Back in the month of March, I attended the Rutgers Home Gardeners School on the Cook Campus. It was a day packed with information, including how to start your very own herb garden. As a home gardener, foodie and environmentalist, I also took a class by Kim Eierman of EcoBeneficial, who shared with us how to create a year-round pollinator victory garden in the Garden State.
But first, what is a pollinator? According to Rutgers Gardens, a pollinator–which includes bees, butterflies, moths, flies, beetles, hummingbirds and bats–is any type of animal that helps to set seed and produce fruit. Surprisingly almost 90% of plant species and 30% of the world’s crops, including apples, berries, alfalfa and almonds, require pollinators’ assistance, at a cost of more than $15 billion a year according to the National Resources Defense Council (NRDC).
Unfortunately, Bee Informed reports that from 2014-2015 there was a 42.1% loss of managed colonies (an acceptable loss would be 18.7%) throughout the United States, with New Jersey reporting a 47.6% loss. Pollinator victory gardens are just one way that you can do your part in supporting native pollinators while enjoying the benefits of a healthy garden.
Victory gardens originally became popular during World Wars I and II, as a way for households to provide food for themselves. A pollinator victory garden takes a similar idea, but focuses on attracting, supporting and protecting native pollinators by providing water, food and shelter for nesting and laying eggs. As Eierman pointed out in her presentation, beautiful green lawns, common to most neighborhoods, are practically dead zones for local pollinators. Victory gardens are not only visually stunning, containing flowers, trees and even some of your favorite herbs, but they’re also super easy to maintain.
This spring, think beyond your normal garden and focus on attracting pollinators that will not only help the growing problem of pollinator loss, but will also help your garden (and your neighbor’s garden) flourish. Here are four steps for creating a pollinator victory garden:
Start with native species of plants that bloom from spring through fall. What should you plant? Eierman suggests planting flowers, trees and bushes that not only flower yearlong and provide food from spring to fall, but also plant a variety of different shapes and sizes of flowers so that pollinators with all different lengths of tongues can feed. Begin with Dutchman’s Breeches in the early spring, follow with Black Cherry (an “ecological powerhouse”), then St. John’s Wort in early summer, Bergamot (a Monarch’s favorite) and Goldenrod in the fall.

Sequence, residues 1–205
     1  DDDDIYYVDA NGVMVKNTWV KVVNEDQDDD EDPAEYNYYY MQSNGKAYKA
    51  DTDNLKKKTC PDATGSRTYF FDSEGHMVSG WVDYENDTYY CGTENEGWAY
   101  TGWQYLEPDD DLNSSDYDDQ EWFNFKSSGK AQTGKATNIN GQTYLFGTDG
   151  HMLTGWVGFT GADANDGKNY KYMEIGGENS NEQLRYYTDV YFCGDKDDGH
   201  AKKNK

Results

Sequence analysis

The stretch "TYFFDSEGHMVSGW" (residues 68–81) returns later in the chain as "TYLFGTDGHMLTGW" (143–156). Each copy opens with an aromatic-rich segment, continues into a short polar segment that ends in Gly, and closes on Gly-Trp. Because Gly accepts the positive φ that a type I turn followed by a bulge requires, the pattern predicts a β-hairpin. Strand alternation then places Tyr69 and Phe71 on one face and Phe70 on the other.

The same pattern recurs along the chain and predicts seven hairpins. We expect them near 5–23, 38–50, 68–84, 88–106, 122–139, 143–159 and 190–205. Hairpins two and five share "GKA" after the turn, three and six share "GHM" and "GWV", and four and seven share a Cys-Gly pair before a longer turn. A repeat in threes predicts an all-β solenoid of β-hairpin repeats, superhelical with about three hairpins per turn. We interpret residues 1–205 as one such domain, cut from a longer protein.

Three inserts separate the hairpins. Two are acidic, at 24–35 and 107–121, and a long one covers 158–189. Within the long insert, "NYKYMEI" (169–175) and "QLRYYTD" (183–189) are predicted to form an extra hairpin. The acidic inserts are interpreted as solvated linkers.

Go pesticide free. Chemicals, especially neonicotinoid (or neonic) pesticides, are the number one threat to pollinators according to the NRDC. Unfortunately, many of the plants purchased at larger garden stores are pretreated with neonic pesticides. Rutgers Spring Flower Fair, running from May 6th through 8th, is the perfect opportunity for you to stock up on some of your favorite native plants while adding some new favorites to your pollinator garden.
Provide a water source. You may already have a bird bath, but adding pebbles or rocks to serve as “landing pads” will allow pollinators of all sizes to access water without drowning. Be sure to change the water frequently to minimize the presence of mosquitoes.
Don’t clean up until the spring. In the fall, we tend to tidy up, trim perennials, rake brush and take down dead tree limbs. It may look nice to the eye, however our urge to purge takes away potential nesting opportunities for pollinators over the winter. Wait until it’s warm enough for bees to emerge from their nests in the spring and you’ll be the best pollinator landlord on the block.
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